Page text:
Instapaper has a free and paid version of their app. I think instapaper is brilliant and I love it and won't live long enough to read all the articles I have archived.
HomeRoutine is a really great, highly customizable app that helped keep me sane when I was home during the day with Thea and working nights and weekends. Keeping up with her and trying to remember everything I needed to get done was too crazy. I added things like "Owen's medications" and "brush hair" and then just did what the list told me. When I use the built-in timer, I want to cry I am so proud of my self. Love, love love it.
Big Picture - Of course, their pictures should be viewed on a big screen, but I still like having them to look at on an iPhone when I have down time at work.
Pandora, This American Life (for $2.99 you get their entire archive), NPR News - Get yourself a speaker dock/charger.
Kindle - You don't have to have an Kindle to download and read books on your phone. I just got a Kindle for my birthday, and they sync well. I don't really like reading books on my phone, but it is a nice to have access to them anywhere I might be, anytime. Plus, I can read in the dark which you can't do with the Kindle.
ToyCamera, OldCamera, 8mm -- <3<3<3
MacGourmet - I am in love with cooking. I have the app for my MacBook and use it alllll the time for clipping, saving and organizing recipes, and for creating menu plans and shopping lists. The iPhone app gets some mixed reviews for it's syncing issues, but I haven't had any problems. It is really useful to have when I am at the grocery store and can't remember what I was planning to make, or what I have to buy to make it. There are lots of great recipe apps. A couple more that I have, and like a lot, but use less often: Whole Foods, and How to Cook Everything
mSecure, Units, PageOnce, Mint.com, Groupon, Evernote, Tomorrow, Gift List, Alarmed, RunKeeper, Dragondiction, WorkLog, Meditator, AroundMe, CheapGas, SleepMachine, RedLaser, and Zappos are all other apps that I have, and like.
There are many ingenious apps that often end up having limited real practical use. And tons of apps that have a ridiculous clutter of features. I searched for an app that would send me reminders to drink water. I found tons of hydration apps that have enable the user to geo-tag each drink of water they take, catalog all their drinking vessles, take pictures of each incident of water consumption and post it to various social media sites, etc.etc. useless clutter. Less is more. The best apps do one simple thing well.
Good luck Roy.
PS - Plants Versus Zombies. Don't tell anybody I told you.
Tuesday, March 08, 2011
Sometimes I wake up at night thinking about bees, about colony collapse, enmeshed with exponential glacial melt and chemically dispersed oil spills, about my graying hair, and my very young child, thinking -- something has got to give -- but it actually doesn't, does it? I'm not owed anything giving. When I run, when I am running and fighting inward against it, curling my toes, my mantra is "one has no reasonable expectation to comfort" which is to say, no there is no actual basis for thinking I deserve to be or ever will be comfortable. Usually, I get preoccupied by parsing the sentence, over and over I try to make sense of it for even if it is grammatically correct, of which I am not certain, it does not immediately, intuitively make sense. I can't remember where I adapted it from, a Buddhist idea at least I know. What I find every time is, exactly as it is means exactly what I want it to mean.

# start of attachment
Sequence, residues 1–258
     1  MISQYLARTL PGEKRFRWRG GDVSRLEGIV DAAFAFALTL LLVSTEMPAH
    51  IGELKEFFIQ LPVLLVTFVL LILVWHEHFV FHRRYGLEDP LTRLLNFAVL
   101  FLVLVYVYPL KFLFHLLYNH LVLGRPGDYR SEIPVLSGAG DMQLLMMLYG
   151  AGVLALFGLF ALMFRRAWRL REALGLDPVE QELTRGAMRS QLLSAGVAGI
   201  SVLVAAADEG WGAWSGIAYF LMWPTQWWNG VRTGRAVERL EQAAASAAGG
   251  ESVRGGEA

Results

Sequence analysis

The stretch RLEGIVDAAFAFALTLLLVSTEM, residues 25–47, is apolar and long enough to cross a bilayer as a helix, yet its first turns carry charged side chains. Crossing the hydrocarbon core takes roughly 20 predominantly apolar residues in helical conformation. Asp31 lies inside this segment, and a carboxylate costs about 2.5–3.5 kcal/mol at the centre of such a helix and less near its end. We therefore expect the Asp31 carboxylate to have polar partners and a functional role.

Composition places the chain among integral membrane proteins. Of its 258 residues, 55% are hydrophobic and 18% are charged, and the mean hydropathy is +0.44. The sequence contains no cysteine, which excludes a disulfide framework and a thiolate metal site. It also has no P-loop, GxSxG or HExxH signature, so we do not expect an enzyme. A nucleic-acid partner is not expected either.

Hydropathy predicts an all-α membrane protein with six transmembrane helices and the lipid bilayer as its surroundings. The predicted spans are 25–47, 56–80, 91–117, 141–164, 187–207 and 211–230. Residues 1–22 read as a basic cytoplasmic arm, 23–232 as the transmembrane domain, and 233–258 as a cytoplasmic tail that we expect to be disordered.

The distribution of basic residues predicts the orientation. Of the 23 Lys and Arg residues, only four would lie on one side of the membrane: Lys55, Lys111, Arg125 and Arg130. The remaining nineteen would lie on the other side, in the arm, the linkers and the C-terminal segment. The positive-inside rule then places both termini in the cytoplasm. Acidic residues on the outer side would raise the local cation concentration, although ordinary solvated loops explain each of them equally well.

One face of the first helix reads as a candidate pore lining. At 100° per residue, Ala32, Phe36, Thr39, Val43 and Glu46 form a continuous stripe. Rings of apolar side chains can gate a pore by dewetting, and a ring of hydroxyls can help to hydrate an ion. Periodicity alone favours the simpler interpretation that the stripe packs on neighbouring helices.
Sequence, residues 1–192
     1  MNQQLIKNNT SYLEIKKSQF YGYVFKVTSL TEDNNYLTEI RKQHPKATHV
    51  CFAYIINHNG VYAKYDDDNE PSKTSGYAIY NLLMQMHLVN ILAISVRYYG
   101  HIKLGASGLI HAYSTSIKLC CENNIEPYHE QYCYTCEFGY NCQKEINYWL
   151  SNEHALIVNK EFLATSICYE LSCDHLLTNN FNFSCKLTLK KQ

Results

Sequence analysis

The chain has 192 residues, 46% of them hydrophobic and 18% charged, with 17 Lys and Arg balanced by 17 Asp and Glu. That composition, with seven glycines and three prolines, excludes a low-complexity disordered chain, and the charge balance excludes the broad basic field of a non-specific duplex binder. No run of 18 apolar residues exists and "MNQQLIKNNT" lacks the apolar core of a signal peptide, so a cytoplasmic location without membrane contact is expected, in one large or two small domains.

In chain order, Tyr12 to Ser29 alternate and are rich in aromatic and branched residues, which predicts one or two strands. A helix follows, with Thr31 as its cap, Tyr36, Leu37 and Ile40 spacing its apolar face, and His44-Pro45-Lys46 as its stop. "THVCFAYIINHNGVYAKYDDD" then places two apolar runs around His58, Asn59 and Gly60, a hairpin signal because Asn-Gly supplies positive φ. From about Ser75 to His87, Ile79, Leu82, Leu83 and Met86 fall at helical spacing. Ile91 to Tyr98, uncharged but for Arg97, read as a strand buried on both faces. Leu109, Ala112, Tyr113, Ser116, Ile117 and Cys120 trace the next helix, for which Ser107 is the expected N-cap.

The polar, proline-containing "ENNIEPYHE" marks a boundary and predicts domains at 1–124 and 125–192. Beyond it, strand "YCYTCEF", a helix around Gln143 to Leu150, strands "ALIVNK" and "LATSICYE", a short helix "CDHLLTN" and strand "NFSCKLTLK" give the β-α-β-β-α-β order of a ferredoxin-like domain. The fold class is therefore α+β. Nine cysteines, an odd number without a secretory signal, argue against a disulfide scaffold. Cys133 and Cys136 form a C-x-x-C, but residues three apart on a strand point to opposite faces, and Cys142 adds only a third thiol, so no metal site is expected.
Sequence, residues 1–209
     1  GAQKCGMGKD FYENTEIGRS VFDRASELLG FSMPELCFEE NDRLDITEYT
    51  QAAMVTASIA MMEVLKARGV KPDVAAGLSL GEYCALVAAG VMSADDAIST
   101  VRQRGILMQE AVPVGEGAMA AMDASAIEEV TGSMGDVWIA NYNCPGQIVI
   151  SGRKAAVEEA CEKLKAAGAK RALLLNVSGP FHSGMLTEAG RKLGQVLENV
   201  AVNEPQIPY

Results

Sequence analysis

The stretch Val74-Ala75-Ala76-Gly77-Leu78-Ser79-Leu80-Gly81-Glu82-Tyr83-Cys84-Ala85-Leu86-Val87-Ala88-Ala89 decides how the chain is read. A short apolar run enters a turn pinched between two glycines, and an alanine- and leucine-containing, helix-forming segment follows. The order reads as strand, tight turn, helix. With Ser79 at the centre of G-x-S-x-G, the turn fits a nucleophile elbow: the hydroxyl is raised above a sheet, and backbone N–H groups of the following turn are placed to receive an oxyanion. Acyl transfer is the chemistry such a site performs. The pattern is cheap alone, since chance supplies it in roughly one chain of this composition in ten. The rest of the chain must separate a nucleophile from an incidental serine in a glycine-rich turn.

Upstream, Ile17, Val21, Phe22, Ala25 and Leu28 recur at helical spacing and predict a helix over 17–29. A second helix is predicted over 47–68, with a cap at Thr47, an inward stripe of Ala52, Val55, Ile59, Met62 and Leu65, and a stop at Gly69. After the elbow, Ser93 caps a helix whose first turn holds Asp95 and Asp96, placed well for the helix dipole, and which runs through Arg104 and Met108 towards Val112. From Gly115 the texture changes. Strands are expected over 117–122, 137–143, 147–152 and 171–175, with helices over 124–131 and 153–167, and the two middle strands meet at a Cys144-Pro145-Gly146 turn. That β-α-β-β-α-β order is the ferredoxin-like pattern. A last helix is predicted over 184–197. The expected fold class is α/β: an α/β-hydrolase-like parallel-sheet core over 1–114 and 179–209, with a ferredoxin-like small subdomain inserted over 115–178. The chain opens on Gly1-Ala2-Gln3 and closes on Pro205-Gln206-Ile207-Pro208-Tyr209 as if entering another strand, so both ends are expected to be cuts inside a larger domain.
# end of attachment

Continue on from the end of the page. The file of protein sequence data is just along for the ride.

Does it seem harsh to remind myself that life is harsh? It feels kind too. There is a cloying, and deeply flawed, lulling sense of entitlement about this modern life. I was recently listening to a radio story about dish-washing machine soap, how some states have banned phosphates in detergents because of their adverse effects on streams, fish, eco-systems, etc. The company of course, found it not feasible to manufacture two kinds of detergent, and began selling the same phosphate-free detergent in other states where there was no such ban in place.
The reporter was interviewing a woman who was outraged, OUTRAGED that her dishes were spotty when they came out of the dishwasher. She bought trisodium phosphate from the hardware store and mixed her own detergent. The reporter says "so you just can't do with out them phosphates?" and after she (baselessly) dismisses the science (whatever!) she answers "the dishes weren't coming clean." Ipso-facto, the world can burn! I felt a very un-Buddhist, compassion-less desire to throttle her. That sense of entitlement reminds me why I have to force myself into discomfort, why I want to be the one who inflicts it. The truth is, if I don't run I see a future of decrepitude, of aches, atrophy, and regret -- a pain far worse than the discomfort of getting out of a warm bed on a cold, dark morning. Life is going to take it's pound of flesh. I find some dignity is standing up, accepting that it will, and choosing how I give it.
My dishes come out clean so maybe I don't know much about the heartbreak of dirty dishes. I haven't checked the ingredients on my box of detergent to determine its phosphate status, so who am I to talk about sacrifice? I am not qualified, its true. It could be argued that I run for vanity as much as health. It might be true, but the truth is, what keeps me going is the fact that I have pain due me and the only thing I can do about it is decide how I take it.
This is a good example of muddy thinking. I'm still not clear, even to myself what the hell phosphate-laden streams have to do with running in the morning, but for some reason, these analogies submerge from my subconscious, conflated, to argue against doing the easy, dishonest thing. Life isn't easy. You aren't owed clean dishes. Your dishes are not more important than fish in streams. Fucking get over it. Get out of bed. Go. Run.
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